Her uncle died in Lebanon; 38 years later, she's a bereaved family officer

“I hope that when I become an officer in July the corona emergency will be over and they can come to my graduation ceremony and be proud of me,” the soldier added.

Noam Tsubara, who comes from a bereaved family and is in training to become bereaved family liaison non-commissioned officer. (photo credit: IDF SPOKESPERSON'S UNIT)
Noam Tsubara, who comes from a bereaved family and is in training to become bereaved family liaison non-commissioned officer.
For Noam Tsubara, Remembrance Day has always represented a very unique time.
In 1982, her father’s older brother Yadid was serving as a Nahal paratrooper in Lebanon and was killed when his car hit a mine. So when at the end of high school she started to think about her army service and she was offered the opportunity to apply for a position as a bereaved family liaison noncommissioned officer, she immediately went for it.
About a year later, Tsubara has completed the first part of the training to become an officer, inspired by her uncle’s story and by what she felt the army has done for her family for decades..
“When my uncle died, for my grandfather it was extremely hard,” she told The Jerusalem Post. “However, he was able to overcome it. He renovated the soldiers’ cemetery in Rosh Ha’ayin where they lived, and he headed the local branch of the organization of bereaved families for 25 years.”
“One could have thought that after the army took his son from my grandfather, he would have had very negative and painful feelings toward it. But in fact he deeply loves the army,” Tsubara said. “I think that a huge part of it is due to how the system embraces and makes an effort to do as much as possible for the bereaved families.”
An officer has remained in touch with her grandparents every year, and someone calls them before every festival to wish them a happy holiday, she said.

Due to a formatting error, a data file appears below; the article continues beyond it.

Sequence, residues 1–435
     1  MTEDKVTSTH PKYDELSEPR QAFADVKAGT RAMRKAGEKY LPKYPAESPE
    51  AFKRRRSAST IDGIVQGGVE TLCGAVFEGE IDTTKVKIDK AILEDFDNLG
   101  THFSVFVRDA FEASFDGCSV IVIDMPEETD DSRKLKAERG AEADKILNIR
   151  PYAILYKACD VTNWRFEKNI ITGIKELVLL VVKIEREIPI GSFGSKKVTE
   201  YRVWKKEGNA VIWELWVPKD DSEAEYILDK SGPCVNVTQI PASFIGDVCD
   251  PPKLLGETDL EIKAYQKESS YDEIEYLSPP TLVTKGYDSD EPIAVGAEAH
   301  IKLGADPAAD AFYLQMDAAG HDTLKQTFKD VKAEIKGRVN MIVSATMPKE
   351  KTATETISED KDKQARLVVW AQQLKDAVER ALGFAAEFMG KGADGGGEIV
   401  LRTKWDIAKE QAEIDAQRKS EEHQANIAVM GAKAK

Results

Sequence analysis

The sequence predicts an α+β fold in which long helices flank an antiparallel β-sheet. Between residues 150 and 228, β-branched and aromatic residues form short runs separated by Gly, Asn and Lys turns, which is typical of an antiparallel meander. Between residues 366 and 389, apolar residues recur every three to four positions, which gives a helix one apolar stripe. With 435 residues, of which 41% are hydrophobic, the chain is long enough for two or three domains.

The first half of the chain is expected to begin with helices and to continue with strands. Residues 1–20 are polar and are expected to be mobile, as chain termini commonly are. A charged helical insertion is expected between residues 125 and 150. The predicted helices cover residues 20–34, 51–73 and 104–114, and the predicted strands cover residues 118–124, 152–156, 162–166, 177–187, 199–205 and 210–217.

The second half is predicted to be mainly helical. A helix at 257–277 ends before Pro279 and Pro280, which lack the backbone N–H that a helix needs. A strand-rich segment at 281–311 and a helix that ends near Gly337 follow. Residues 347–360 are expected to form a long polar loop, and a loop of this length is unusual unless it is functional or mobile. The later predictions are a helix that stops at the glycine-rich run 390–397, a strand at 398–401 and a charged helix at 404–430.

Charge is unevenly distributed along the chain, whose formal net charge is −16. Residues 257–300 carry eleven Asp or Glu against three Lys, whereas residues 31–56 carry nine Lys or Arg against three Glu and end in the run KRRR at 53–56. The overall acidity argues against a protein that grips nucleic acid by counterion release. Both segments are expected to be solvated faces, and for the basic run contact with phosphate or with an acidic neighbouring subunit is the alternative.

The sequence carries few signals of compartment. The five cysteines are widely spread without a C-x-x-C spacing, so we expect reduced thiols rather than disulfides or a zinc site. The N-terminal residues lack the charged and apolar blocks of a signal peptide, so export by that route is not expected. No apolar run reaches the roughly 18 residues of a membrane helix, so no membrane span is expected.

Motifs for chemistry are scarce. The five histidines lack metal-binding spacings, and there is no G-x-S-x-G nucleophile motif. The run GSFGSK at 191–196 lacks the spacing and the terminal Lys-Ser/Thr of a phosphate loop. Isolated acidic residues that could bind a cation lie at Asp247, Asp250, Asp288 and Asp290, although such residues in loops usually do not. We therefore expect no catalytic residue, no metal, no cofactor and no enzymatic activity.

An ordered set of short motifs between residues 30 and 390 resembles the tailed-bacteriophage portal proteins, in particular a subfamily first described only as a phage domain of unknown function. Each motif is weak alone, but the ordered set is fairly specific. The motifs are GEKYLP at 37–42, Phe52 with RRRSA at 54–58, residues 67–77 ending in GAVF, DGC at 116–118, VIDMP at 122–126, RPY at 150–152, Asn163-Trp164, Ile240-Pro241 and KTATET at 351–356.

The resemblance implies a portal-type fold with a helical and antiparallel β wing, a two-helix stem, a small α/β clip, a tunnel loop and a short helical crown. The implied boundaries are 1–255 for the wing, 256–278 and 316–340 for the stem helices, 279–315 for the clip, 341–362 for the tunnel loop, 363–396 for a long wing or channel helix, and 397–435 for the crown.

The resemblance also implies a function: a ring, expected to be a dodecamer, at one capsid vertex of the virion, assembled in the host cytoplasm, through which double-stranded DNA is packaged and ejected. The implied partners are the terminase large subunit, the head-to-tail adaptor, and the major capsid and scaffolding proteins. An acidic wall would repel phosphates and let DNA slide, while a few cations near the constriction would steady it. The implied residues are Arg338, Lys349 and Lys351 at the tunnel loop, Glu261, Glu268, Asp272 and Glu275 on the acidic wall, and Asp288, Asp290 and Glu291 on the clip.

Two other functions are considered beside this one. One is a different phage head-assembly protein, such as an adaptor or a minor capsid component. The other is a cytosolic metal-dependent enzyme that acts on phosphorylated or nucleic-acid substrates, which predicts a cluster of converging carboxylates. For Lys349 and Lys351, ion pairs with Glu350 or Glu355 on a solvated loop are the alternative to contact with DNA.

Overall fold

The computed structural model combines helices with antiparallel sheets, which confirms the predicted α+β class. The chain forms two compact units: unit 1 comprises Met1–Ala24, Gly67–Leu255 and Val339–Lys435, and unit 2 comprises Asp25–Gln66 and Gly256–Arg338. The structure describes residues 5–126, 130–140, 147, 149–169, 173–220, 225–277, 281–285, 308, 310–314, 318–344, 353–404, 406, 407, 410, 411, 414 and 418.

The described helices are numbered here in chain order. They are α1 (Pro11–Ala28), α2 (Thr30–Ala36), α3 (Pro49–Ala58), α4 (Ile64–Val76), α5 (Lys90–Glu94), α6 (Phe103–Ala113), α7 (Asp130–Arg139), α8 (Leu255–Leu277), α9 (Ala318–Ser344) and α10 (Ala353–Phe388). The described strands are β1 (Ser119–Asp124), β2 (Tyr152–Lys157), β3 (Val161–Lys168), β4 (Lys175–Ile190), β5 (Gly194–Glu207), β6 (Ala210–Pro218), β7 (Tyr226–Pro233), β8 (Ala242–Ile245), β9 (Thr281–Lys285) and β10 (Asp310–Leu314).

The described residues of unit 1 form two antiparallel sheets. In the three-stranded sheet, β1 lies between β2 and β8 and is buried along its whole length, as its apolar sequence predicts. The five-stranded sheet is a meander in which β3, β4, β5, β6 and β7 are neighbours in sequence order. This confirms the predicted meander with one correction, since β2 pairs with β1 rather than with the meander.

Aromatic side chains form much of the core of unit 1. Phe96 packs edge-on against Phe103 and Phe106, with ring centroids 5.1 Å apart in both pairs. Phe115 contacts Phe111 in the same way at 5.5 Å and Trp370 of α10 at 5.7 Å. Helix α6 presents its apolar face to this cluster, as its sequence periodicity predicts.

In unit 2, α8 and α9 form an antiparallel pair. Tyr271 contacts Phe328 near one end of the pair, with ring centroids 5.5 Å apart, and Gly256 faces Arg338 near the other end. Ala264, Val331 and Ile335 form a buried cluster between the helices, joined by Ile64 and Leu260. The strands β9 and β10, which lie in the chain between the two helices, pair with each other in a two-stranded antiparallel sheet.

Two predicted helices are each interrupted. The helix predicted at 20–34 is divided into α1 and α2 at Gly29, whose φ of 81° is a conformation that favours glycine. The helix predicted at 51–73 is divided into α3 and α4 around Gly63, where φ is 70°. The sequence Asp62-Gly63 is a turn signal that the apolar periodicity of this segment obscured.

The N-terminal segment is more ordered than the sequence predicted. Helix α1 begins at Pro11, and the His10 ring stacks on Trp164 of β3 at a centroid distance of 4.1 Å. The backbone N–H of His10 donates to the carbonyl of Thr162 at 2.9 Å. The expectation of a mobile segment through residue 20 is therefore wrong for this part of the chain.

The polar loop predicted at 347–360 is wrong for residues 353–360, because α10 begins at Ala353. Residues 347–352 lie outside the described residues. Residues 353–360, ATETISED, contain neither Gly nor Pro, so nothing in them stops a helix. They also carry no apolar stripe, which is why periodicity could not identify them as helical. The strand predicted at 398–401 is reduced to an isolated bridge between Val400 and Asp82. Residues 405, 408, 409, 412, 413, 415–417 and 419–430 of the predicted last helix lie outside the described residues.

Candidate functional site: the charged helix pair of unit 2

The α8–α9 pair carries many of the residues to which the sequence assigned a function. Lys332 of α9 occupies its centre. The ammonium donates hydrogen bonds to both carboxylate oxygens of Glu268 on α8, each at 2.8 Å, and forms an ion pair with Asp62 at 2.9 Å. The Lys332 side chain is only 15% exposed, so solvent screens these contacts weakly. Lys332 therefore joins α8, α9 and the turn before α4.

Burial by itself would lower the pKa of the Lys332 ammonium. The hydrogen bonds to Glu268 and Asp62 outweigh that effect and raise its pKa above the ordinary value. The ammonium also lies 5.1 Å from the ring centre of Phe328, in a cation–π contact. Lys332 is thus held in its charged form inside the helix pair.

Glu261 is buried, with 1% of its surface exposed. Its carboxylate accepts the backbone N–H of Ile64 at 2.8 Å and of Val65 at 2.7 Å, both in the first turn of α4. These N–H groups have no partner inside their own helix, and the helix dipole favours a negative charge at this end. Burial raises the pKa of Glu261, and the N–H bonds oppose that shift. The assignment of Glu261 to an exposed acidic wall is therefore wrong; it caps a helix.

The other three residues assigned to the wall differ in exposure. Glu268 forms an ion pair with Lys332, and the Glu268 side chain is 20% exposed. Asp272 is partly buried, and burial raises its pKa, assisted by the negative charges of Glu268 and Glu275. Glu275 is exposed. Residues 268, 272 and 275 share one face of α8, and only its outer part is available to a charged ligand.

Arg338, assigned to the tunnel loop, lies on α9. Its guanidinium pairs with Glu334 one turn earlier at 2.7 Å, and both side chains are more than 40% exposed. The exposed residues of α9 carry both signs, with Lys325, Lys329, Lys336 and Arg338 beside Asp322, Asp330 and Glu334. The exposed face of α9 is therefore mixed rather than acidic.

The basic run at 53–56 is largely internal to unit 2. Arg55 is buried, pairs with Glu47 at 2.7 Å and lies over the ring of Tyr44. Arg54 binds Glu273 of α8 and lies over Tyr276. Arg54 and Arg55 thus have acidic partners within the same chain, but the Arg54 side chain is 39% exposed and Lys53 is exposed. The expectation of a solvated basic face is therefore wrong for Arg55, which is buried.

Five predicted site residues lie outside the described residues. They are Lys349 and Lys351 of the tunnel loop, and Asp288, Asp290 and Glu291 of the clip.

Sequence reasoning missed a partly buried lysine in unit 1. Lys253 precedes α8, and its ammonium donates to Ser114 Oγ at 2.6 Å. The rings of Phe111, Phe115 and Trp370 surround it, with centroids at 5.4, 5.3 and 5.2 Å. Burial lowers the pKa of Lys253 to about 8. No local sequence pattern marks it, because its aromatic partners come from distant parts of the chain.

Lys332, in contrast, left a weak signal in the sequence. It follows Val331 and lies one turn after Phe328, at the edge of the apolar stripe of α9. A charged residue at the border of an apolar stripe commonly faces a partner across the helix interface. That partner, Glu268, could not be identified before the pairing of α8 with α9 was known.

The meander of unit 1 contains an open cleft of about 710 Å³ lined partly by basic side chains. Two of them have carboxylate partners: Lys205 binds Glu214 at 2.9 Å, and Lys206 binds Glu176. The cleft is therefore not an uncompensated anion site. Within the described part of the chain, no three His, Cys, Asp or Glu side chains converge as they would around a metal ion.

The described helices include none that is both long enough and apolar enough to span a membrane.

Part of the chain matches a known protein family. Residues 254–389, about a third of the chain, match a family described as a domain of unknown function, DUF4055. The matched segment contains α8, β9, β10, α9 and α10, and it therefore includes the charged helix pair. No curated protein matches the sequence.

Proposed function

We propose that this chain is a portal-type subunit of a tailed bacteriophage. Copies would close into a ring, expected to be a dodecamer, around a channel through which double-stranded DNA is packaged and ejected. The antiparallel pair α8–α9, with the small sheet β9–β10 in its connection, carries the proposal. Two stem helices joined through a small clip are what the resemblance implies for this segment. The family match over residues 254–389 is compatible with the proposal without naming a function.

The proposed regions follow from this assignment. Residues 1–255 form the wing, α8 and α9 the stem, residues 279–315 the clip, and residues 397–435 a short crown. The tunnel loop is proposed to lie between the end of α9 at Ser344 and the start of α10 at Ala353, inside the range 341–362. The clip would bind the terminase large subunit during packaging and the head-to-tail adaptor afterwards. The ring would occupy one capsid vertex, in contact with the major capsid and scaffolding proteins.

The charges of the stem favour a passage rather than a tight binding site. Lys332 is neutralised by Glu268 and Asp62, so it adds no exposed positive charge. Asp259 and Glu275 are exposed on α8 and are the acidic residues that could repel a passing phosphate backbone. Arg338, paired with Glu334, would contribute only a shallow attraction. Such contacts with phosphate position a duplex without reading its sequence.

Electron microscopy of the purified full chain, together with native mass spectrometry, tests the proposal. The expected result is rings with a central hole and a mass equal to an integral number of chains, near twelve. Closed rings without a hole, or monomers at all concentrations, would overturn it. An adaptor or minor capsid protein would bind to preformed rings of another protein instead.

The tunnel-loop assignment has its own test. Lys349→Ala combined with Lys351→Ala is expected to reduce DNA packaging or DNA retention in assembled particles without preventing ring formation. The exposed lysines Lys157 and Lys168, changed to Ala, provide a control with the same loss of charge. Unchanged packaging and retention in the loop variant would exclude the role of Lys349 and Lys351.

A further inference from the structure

Their grandparents have played an important role in inspiring Tsubara, who is now 19, to pursue this role in the army.
“I’m a people person, and I felt it would really fit me,” she said. “But I also wanted so much for it to come full circle for my family. I feel this task is so blessed. When I told my grandparents that I was going to serve in this position, they were so happy.”
“I hope that when I become an officer in July, the coronavirus emergency will be over, and they can come to my graduation ceremony and be proud of me,” Tsubara said.
“Many believe that a bereaved family liaison officer is just the person who knocks on families’ doors to inform them about the death of their love one,” she said. “But this is not the case. They also support them after the mourning period and help them with all sorts of issues, economic and social, and are the liaison between them and the army, sometimes also helping the younger siblings or the children of the deceased when they are drafted.”
“An officer also assists those who are injured with their medical rights with the army and with the Defense Ministry,” Tsubara said. “It’s a job that requires a lot of resilience.”
In the training, they learn how not to take the cases of the soldiers or families they help too personally and how to analyze the different situations and understand when it is time for them to intervene and when to just sit back and listen, she said. Each officer is also assigned to a psychologist who supports them.
 coronavirus emergency is very much affecting her job, Tsubara said. Usually the Remembrance Day period is one of the most intense, with many projects to organize and families to visit.
“Now, because of the virus, families are prohibited to visit the cemeteries, which is something that had never happened before, and many can’t handle it,” she said. “We are making a special effort to keep the connection with them as strong as possible, especially with the veteran bereaved families, who are elderly and at risk and cannot receive visits. It’s really saddening, and we are waiting for better days.”
Growing up, she always would go with her family to visit her uncle in Rosh Ha’ayin on Remembrance Day, Tsubara told the Post.
“All the extended family came, even people who I did not know, many friends of Yadid, his comrades from Nahal, his commanders,” she said, adding that they often shared memories and stories about him.
“I had this feeling that I was missing someone I didn’t even knew,” she said. “It’s not fair to miss someone you never met and to wish they were sitting with you and expe
riencing things with you.”
Since Tsubara was drafted, she has been involved in organizing all sorts of projects and initiatives for the commemoration of fallen soldiers.
“Last year, it was the first time that I went to the cemetery in Rosh Ha’ayin wearing my uniform, and all eyes were on me. It was very emotional,” Tsubara said.